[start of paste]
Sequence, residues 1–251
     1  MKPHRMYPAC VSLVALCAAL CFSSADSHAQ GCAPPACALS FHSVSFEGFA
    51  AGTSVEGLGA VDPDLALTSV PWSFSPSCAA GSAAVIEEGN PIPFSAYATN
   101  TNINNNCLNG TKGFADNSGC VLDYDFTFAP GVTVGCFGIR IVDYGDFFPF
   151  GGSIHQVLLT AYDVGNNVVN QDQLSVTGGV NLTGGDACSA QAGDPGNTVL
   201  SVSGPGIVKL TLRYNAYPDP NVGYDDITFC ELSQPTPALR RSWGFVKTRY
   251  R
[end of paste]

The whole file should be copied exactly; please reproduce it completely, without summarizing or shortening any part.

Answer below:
Sequence, residues 1–251
     1  MKPHRMYPAC VSLVALCAAL CFSSADSHAQ GCAPPACALS FHSVSFEGFA
    51  AGTSVEGLGA VDPDLALTSV PWSFSPSCAA GSAAVIEEGN PIPFSAYATN
   101  TNINNNCLNG TKGFADNSGC VLDYDFTFAP GVTVGCFGIR IVDYGDFFPF
   151  GGSIHQVLLT AYDVGNNVVN QDQLSVTGGV NLTGGDACSA QAGDPGNTVL
   201  SVSGPGIVKL TLRYNAYPDP NVGYDDITFC ELSQPTPALR RSWGFVKTRY
   251  R